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Barton Arcade

I found myself in Manchester this week. Back ‘home’ in Manchester.

It’s a visit which has inspired this blog – a personal blog with an organisational message.

Since 1987 I have resided in London – Clapham to be precise. Our capital is where I have built my life, career & business and it never ceases to give me a thrill (see Noticing from a few years ago). I’ve dashed in and out of Manchester on business a couple of times in the last decade – and obviously have visited family in Lancashire on many occasions – but this was the first time in over 30 years that I had an hour or two to wander around the city by myself.

The ‘by myself’ is crucial to this story. For I had done it before.

I grew up in a Lancashire village about which I had (and have) markedly mixed feelings. I’ve blogged before about the attitudes of some people up there and how they shaped me.

My repeat habit in my mid-late teens was to jump on a train from Kirkham which took me all the way to Manchester Victoria. Inner city life in the very early 80s was quite an eye opener for me – a contrast to the sheltered existence in a Fylde village where I had learnt little or nothing about the real world. The contrasts in the urban world that I  pulled into at Victoria were stark, exciting, challenging and ones which I loved.

For Manchester was not having the easiest of times. That was clear. But its spirit was alive.

I suppose exploring the cities – for I would explore Salford too –  was a ‘dry run’ for launching myself onto London a few years later.

I’d wander around, hang out in and near Affleck’s Palace (where I bought the long-coat which was the mainstay of my wardrobe throughout my student years), browse the record stores and that underground arcade next to the Arndale. My favourite area however was around the Royal Exchange, the Barton Arcade and St Ann’s Square. I found a cafe where I could sit, chat to the occasional person, enjoy a cup of tea and a barm cake. And escape.

I see them as simple and yet very formative experiences in a place which I had found for myself and which felt like a home. Every time I made the train journey I would end up in that cafe. I’d be content.  In contrast my heart would sink when I knew I had to trudge back to the station and trundle through the mill towns back to that village.

St Anns-2

There’s a reason I am putting pen to paper. Manchester has changed of course – for good reasons and as a result of an evil act. My ‘home’ has been altered and reshaped. But the vibe, the Mancunian cheerfulness and a few of the old haunts are still there. And, as I did something as simple as sauntering down from Piccadilly to Deansgate this week, I had tingles running up and down my spine. I couldn’t stop smiling. The energy hit me again. The memories flooded back.  It was never where I lived but I realise now that I made those journeys because it felt like home.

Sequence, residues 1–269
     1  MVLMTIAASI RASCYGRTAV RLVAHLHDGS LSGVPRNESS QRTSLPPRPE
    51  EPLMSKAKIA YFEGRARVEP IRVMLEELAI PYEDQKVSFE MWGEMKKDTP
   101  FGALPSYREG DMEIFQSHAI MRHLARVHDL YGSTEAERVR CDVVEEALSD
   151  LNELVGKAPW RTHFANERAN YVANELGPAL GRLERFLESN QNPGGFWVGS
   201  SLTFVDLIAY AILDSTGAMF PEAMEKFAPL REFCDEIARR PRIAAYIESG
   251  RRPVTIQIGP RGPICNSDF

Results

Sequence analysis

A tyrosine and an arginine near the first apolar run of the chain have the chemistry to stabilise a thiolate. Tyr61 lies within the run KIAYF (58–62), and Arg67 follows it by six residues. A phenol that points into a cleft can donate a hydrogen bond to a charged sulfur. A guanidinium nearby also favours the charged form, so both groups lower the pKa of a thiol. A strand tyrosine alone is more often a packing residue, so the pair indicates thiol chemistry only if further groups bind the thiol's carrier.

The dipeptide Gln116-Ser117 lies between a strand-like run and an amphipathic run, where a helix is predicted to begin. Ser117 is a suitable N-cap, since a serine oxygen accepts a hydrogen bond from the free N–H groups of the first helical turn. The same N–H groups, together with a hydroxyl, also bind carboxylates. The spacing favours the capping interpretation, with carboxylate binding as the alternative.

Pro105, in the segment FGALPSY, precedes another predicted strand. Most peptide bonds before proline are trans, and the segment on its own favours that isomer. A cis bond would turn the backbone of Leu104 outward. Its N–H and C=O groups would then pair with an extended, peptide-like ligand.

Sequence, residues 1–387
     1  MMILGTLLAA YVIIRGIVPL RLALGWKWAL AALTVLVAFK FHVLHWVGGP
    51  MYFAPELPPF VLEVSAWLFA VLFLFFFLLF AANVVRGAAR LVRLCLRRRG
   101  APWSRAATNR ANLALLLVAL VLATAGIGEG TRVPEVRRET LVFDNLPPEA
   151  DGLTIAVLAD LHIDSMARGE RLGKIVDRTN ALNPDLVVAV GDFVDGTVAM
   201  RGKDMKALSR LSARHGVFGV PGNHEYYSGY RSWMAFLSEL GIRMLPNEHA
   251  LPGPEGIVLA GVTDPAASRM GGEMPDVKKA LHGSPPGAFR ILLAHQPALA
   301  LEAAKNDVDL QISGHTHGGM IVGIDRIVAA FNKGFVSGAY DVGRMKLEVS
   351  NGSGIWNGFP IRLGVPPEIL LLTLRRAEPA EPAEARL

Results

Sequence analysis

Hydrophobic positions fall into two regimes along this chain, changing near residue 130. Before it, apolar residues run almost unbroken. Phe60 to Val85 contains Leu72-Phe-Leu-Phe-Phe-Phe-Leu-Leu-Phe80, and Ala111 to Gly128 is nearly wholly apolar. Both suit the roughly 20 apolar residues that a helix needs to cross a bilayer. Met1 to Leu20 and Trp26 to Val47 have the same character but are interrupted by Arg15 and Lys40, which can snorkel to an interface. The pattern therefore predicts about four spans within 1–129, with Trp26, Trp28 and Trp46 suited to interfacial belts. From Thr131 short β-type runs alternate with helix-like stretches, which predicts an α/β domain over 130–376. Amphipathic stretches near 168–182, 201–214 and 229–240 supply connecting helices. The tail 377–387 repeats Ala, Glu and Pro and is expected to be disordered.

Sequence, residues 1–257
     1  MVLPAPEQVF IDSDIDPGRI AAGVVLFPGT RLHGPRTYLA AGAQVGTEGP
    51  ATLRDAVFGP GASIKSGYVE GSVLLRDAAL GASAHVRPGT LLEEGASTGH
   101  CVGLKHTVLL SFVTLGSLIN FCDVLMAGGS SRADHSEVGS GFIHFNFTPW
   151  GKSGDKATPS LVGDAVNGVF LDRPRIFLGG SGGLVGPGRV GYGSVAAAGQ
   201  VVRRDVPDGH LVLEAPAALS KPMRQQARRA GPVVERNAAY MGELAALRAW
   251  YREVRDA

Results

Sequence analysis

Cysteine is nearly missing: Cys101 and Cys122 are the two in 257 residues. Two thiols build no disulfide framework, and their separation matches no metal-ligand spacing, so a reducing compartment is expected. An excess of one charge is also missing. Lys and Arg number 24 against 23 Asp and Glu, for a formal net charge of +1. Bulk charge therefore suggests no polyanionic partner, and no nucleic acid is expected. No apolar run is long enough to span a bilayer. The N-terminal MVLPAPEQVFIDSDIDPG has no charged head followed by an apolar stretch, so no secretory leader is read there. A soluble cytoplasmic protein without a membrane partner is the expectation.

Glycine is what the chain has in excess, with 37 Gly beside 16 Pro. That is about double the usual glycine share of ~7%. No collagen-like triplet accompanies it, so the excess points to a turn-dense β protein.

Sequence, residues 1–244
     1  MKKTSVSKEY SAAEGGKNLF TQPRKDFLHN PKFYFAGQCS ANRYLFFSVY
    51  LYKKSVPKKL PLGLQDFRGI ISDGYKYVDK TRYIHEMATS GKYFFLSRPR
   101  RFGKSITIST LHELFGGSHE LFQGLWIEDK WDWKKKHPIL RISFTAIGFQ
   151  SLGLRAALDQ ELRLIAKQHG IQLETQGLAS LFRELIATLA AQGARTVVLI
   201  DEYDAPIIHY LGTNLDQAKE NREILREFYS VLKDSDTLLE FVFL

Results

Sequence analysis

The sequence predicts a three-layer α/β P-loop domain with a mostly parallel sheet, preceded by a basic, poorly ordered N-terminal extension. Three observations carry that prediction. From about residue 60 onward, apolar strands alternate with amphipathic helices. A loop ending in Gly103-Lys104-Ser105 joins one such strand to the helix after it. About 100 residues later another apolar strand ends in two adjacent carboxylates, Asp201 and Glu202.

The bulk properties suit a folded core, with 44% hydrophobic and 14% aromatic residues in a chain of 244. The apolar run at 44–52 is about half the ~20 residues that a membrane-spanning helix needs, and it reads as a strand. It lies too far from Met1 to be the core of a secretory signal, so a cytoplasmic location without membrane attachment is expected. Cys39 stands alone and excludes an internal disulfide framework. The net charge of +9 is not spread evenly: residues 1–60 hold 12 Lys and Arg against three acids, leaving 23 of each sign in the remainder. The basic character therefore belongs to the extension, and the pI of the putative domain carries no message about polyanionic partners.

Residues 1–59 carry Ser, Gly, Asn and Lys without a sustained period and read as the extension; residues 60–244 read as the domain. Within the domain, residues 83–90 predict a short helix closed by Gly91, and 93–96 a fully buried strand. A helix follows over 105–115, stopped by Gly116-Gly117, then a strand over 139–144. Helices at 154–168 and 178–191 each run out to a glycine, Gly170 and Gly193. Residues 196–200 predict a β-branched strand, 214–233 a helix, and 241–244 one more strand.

I also realise that I feel that way about one place where I worked:  I long for the experience and culture of PW Management Consultants in the mid-late 90s. I think about it all the time. I’ve never found it anywhere else. That part of my career was formative and seriously developmental. I bumped into a couple of former colleagues the other day and the vibe & energy around the conversation was equally as energising for me. That also felt like coming home.

Given what I do for a living it shouldn’t surprise you that, on the train back from Manchester on Thursday, I was reflecting on the conditions we might create in our organisations so that people feel at home, can be themselves and will want to return – in fact are excited when they do. Cultures where people can simply belong.

Back to my Manchester experience……

I couldn’t quite find the precise spot where that cafe welcomed me – I walked round and round. I thought it must have gone. Then suddenly I wandered behind St Ann’s Church into a, now unremarkable, corner.

Behind St Anns

I might be wrong but I think it used to be there – just where that new building has gone up on the far right. I sat and stared at that corner for quite some time – trying to get my bearings. I had such a surge of energy and nostalgia.

I will now go back with my partner and walk around those streets once more. I want to point out where I used to hang out. Where I used to wander around as a slightly isolated teenager who found a place he could feel at home.

(Photos by me as usual – but just snatched on my iPhone)